Phnom Penh Municipal Court yesterday began the trial of two Chinese nationals accused of shipping more than 18 kilograms of ecstasy pills from Germany through a post office in Phnom Penh last year.
Ek Polofil, Presiding Judge, identified the two as Chang Sih Shun, 41-year-old general manager of a garment factory, and Hua Yu Cheng, a 37-year-old tourist.
Judge Polofil said they were charged with drug trafficking after they were arrested on July 10, 2018, by the Interior Ministry’s internal police department in the city. If convicted, they could face a life sentence in prison.
Deputy court prosecutor Say Nora yesterday said internal security police last year intercepted two boxes at the Daun Penh Post Office weighing 20 kilograms each. The shipments were sent from Germany.
Upon opening the boxes and inspecting their contents, internal security police discovered 18.41 kilograms of ecstasy pills hidden.
Mr Nora noted the boxes were addressed to Chhean Sokpov, alias Heng, but the phone number listed was Mr Chang’s.
He said Mr Sokpov was a Chinese language interpreter for the two suspects.
Mr Nora said police collaborated with the Phnom Penh Municipal Court prosecutor and post office workers to apprehend the suspects.
He said the post office workers were told to contact Mr Chang and have him pick up the shipments at 2pm that same day.
Mr Nora said Mr Chang told Mr Hua of the shipments and both men picked up Mr Sokpov from his home in Chamkar Mon district before showing up at the post office at 3pm.
“While at the post office, Mr Chang and Mr Hua asked Mr Sokpov to fill documents under their names because they did not speak or write in Khmer,” he said, adding that Mr Hua and Mr Chang left the post office. “While Mr Sokpov was with a post office worker to receive the shipments, both suspects left. Mr Sokpov was told by Mr Hua on the phone to bring the shipments to them.”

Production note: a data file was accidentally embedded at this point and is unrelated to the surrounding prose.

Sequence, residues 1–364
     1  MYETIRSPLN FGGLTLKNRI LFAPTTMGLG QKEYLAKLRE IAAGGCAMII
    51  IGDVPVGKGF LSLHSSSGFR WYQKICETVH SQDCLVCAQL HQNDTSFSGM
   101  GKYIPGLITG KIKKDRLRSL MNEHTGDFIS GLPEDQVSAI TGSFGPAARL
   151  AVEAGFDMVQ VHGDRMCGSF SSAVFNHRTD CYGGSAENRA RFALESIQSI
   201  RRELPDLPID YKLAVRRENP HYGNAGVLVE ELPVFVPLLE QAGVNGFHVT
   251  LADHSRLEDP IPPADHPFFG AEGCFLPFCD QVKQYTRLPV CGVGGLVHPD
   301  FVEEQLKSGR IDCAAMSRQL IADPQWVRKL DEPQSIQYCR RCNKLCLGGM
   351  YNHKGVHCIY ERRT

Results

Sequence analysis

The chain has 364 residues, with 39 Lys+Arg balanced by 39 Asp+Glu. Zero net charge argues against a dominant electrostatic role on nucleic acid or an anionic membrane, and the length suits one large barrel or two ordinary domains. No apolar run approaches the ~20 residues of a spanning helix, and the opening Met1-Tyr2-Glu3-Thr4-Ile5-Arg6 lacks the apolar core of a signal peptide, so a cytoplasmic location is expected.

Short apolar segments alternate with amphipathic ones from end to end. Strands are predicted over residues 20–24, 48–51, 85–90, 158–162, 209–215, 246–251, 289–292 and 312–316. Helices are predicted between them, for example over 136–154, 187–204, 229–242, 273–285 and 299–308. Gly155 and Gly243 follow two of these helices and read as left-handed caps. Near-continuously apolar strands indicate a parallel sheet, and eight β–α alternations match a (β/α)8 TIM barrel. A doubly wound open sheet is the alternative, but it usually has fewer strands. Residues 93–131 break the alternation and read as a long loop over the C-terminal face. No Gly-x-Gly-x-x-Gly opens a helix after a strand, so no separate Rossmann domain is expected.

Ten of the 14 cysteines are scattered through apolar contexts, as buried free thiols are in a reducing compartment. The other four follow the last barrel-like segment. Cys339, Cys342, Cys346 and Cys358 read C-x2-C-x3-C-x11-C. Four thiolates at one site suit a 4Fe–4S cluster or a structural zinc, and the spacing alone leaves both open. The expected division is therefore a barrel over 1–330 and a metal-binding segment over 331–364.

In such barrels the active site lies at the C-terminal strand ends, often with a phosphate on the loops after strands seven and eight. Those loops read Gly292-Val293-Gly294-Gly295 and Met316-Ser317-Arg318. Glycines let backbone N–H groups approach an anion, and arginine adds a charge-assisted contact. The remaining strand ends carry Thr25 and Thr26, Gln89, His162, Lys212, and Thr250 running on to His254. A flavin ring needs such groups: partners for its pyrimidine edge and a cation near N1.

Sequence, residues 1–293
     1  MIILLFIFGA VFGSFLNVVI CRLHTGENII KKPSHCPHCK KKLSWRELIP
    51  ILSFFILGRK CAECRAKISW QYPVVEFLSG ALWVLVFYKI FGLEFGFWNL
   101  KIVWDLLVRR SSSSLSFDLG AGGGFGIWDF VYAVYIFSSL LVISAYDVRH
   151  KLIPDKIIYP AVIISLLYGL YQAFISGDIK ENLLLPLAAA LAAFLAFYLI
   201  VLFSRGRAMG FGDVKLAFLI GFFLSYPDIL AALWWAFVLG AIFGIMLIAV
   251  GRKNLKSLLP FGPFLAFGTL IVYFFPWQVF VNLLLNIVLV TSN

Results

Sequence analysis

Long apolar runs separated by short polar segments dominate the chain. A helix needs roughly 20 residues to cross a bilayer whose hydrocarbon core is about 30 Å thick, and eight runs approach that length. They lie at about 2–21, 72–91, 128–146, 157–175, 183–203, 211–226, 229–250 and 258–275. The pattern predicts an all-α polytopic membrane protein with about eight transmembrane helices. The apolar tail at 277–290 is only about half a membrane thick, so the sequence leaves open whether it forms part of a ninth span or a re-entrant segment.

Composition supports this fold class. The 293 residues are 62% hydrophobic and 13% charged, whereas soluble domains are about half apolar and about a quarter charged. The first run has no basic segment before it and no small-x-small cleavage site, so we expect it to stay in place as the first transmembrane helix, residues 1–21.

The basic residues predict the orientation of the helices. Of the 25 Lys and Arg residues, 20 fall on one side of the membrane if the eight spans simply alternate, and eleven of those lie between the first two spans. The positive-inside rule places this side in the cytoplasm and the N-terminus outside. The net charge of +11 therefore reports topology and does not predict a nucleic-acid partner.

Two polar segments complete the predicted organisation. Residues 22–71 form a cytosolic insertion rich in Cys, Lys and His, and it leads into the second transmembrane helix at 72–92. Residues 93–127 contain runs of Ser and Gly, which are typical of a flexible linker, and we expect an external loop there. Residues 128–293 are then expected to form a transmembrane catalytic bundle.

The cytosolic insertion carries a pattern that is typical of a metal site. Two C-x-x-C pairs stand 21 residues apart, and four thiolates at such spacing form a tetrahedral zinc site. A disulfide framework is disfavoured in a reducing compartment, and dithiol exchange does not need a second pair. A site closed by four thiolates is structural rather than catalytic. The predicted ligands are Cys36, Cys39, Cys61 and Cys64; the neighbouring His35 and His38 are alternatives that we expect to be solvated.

Mr Nora said Mr Sokpov was arrested after completing the forms and questioned by police.
He said Mr Sokpov collaborated with police to apprehend Mr Chang and Mr Hua.
Later on, Mr Sokpov called Mr Hua and informed him that the shipments were received.
Mr Hua told Mr Sokpov to take a tuk-tuk and bring the shipments to a garden near Naga World Hotel in Chamkar Mon district’s Tonle Bassac commune at 4pm.
Mr Nora said police tailed the tuk-tuk, which eventually led them to Mr Hua.
“Police arrested Mr Hua after he took the shipments from Mr Sokpov,” he said. “After the arrest, police plotted to arrest Mr Chang.”
Police ordered Mr Sokpov to call Mr Chang and meet him for the shipments.
Mr Chang was arrested at about 6pm in front of Phnom Penh International Airport after receiving the shipments from Mr Sokpov.
Mr Sokpov was then released after both suspects were arrested.
Mr Nora said Mr Sokpov was not involved because he was hired as an interpreter by Mr Chang and Mr Hua.
Both suspects denied the allegations during the trial yesterday. They said the court should drop the charges and release them because they were not the owners of the boxes.
Mr Chang told the court he was asked by an unidentified Taiwanese national to pick up the shipments at the post office two days before the suspects were arrested.
He said after receiving the call from the post office, he told Mr Sokpov to help him interpret the receiving documents.
Mr Chang said he borrowed a car from a friend and brought Mr Hua and Mr Sokpov to the post office.
He said he was later arrested after meeting Mr Sokpov.
Mr Chang added that after his arrest, the unidentified Taiwanese man disappeared and could not be contacted.
“I don’t know anything about this case. I was not the owner of the shipments,” he said. “If I had known the shipments had drugs in them, I would not have picked them up from Mr Sok Pov. I would not have let the police arrest me. I would have fled.”
Mr Hua told the court that he was arrested because he was accompanying Mr Chang at the post office.
He said he did not know the Taiwanese man.
“I did not know anything about this case,” he said. “Please find the truth and justice for me.”
Verdicts are due October 11.